I can’t remember the first time I had a shitty experience at a gig or music festival because I’m a woman, but I do know that since the age of 14 there have been too many sly arse gropes, unwanted come-ons and patronising comments to mention. I’ve seen female friends touched-up in mosh pits and been called slags for not wanting to engage in conversation with pissed-up blokes in fields, bars and venues across the UK and beyond. Also, that thing when men try to get past you in a crowd and insist on placing both their hands firmly on your hips in order to do so – what’s that all about? Are you so unstable on your feet that you need to grab onto another human’s bits in order not to fall down?
It’s all been rather exhausting, so news that a women-only music festival is set to take place in Sweden next year has filled me with hope. Frankly, it’s About Bloody Time – which, coincidently, would also be a great name for the event. The idea came about following reports that Swedish festival Bråvalla would be cancelling next year’s event after four rapes and 23 sexual assaults took place there last month. In response to the shocking news of the attacks, local radio presenter Emma Knyckare suggested a women’s only event, tweeting: “What do you think about putting together a really cool festival where only non-men are welcome, that we’ll run until ALL men have learned how to behave themselves?” Emma received such a positive response to her comment that she revealed she’d be putting on “Sweden’s first man-free rock festival” in 2018.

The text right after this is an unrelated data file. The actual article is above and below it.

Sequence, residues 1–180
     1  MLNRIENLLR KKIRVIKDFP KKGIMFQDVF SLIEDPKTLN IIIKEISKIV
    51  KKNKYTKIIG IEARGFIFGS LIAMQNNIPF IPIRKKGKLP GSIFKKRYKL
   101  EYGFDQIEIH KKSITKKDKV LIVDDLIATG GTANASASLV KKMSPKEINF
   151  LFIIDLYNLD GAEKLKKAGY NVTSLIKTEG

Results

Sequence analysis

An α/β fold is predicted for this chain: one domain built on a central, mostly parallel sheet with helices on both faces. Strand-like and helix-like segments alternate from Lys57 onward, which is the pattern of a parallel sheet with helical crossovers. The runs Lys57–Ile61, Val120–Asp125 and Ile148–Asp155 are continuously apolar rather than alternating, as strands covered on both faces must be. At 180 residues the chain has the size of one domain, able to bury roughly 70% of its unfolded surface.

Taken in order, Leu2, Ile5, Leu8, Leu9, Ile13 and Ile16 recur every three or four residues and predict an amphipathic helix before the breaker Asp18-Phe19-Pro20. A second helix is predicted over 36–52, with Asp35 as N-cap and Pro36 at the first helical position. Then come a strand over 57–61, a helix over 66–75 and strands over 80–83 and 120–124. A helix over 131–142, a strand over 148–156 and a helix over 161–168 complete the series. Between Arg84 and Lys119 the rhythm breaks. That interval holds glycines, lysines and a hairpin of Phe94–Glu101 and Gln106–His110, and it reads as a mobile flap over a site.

It’s not the first time women have carved out their own space in the festival world. Last year, Glastonbury launched its very first women-only stage. The Sisterhood – which returned last month – was nestled in the far reaches of the Shangri-La field. A lady utopia where men were barred, there were talks, gigs, DJ sets and rowdy dance parties. It was blissful. This Swedish festival looks set to take things further still by banning blokes from even setting foot inside the gates, offering a safe environment where there’s no need to worry about catcalls, unwelcome comments and the very real threat of attack. I imagine the queue for the loos will be a total nightmare, but this is but a small sacrifice to make for a zero-bros climate. Now, excuse me while I look up the Swedish for, “No thanks, you can keep your meatballs.”